Welcome to the 2020 Free Agency Review: IDP-style. We break down the major moves this offseason by position. The articles are ordered by players changing teams ("New Homes") and by players sticking with their 2019 teams ("Staying Put"), and players are ordered by their potential fantasy impact in each section. Don’t see your favorite DE or OLB? Be sure to check out the EDGE article for free agent pass-rushers.
Malcolm Jenkins (NO) — Jenkins returned to the team that drafted him on a four-year, $32 million deal.
Fantasy Points: Jenkins can do it all: play deep, play the run in the box, cover tight ends, and rush the passer. He was asked to do all of that with Philadelphia, causing his fantasy value to rise and fall based on the game plan. Still, Jenkins managed some monster years with the Eagles, and never had a season below 70 tackles there.
His role in New Orleans is likely to be versatile, but with P.J. Williams there as the slot specialist and Marcus Williams an elite deep safety, Jenkins should play more traditional strong safety. That’s good news for his tackle floor, and his fantasy prospects in general. Look for another productive year from the 32-year-old Jenkins, who is still playing at a high level.
Ha Ha Clinton-Dix (Dal) — HHCD moves to his fourth team in three years, signing a one-year deal with Dallas.
Fantasy Points: Dallas has sorely missed a hard-hitting safety ever since Barry Church left, and they may have found that in Clinton-Dix. A plus defender against the run, Clinton-Dix was two tackles short of making it seven years in a row with at least 80 tackles. While not one for racking up big plays - it’s been three years since he had more than 1 sack and 3 INTs in a season - HHCD will make his money making tackles. He’s got another DB2/DB3 season ahead of him in tackle-heavy leagues.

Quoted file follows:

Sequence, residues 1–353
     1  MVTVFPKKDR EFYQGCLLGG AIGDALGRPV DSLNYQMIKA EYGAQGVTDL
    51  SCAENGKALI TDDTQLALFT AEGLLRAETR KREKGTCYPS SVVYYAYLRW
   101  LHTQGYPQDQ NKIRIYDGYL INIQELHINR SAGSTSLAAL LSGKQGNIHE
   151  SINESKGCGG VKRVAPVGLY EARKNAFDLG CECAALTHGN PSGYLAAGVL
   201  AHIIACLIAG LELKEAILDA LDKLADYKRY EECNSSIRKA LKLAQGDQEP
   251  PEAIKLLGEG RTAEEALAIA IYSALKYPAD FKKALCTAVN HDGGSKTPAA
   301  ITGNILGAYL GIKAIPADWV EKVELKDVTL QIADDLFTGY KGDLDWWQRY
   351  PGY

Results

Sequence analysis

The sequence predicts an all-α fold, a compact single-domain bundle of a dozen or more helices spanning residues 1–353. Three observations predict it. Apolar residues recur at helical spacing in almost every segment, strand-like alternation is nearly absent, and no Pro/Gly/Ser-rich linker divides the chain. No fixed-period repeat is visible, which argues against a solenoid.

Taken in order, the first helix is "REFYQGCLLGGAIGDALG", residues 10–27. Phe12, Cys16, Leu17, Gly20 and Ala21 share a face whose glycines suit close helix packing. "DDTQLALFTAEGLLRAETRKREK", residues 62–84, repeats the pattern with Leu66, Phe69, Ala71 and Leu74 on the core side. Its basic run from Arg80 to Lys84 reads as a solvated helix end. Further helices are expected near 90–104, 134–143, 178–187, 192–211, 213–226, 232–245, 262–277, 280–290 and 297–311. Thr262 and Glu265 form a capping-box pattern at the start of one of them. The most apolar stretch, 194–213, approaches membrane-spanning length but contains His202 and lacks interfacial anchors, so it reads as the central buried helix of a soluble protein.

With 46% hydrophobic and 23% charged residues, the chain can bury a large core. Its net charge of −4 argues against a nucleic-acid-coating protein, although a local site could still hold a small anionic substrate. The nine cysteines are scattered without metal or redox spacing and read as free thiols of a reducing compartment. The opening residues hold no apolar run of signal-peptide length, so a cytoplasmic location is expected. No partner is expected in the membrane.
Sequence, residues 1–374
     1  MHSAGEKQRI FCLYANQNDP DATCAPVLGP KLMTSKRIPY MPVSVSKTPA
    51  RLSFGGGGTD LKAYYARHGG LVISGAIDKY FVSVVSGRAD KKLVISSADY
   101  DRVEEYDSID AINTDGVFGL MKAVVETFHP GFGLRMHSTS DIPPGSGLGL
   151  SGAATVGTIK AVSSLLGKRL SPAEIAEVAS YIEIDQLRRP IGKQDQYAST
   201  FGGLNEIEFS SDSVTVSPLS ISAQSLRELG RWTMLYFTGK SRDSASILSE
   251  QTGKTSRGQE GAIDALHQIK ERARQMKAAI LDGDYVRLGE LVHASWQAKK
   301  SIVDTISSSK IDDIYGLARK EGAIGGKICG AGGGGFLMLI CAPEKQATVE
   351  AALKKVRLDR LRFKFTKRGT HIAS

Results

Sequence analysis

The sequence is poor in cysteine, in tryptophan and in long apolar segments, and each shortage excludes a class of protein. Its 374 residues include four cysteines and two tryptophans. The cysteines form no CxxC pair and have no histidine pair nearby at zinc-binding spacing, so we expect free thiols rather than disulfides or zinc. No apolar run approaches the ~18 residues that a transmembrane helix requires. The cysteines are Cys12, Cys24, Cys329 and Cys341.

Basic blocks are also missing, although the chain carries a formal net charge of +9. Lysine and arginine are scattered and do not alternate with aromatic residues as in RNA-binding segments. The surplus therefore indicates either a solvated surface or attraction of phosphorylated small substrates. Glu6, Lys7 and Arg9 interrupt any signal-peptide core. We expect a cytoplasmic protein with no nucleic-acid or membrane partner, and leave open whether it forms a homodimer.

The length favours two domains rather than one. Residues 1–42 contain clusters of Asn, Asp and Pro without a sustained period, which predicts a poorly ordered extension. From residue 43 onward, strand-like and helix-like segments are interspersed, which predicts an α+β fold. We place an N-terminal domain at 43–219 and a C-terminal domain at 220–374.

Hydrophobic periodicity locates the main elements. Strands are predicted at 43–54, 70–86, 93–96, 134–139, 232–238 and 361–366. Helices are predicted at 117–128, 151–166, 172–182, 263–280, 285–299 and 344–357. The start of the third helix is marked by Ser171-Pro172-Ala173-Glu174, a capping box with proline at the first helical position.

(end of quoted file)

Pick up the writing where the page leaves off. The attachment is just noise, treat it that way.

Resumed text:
Vonn Bell (Cin) — Bell exits New Orleans for the Bengals on a three-year contract worth $18 million.
Fantasy Points: Cincinnati continues to rebuild its secondary by pairing the veteran Bell with Shawn Williams and Jessie Bates. But unless my math is fuzzy (well, it IS fuzzy, but not THAT fuzzy), that’s three safeties for two starting spots. Bell might beat out either incumbent - both of whom underperformed last season - but he’s likely ticketed for a Big Nickel role on passing downs. That would kill his fantasy value unless the Bengals are adapting the Dime as their base defense, which is entirely possible and quite trendy these days.